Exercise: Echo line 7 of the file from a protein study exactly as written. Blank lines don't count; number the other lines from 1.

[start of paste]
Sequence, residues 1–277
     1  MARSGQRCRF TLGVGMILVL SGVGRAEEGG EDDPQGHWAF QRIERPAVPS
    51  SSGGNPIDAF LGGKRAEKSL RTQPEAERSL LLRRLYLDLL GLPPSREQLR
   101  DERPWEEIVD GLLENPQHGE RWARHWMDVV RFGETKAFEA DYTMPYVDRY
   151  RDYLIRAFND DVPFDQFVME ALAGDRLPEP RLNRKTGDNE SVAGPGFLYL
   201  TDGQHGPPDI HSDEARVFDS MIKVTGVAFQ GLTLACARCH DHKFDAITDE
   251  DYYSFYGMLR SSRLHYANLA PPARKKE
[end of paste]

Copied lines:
   251  DYYSFYGMLR SSRLHYANLA PPARKKE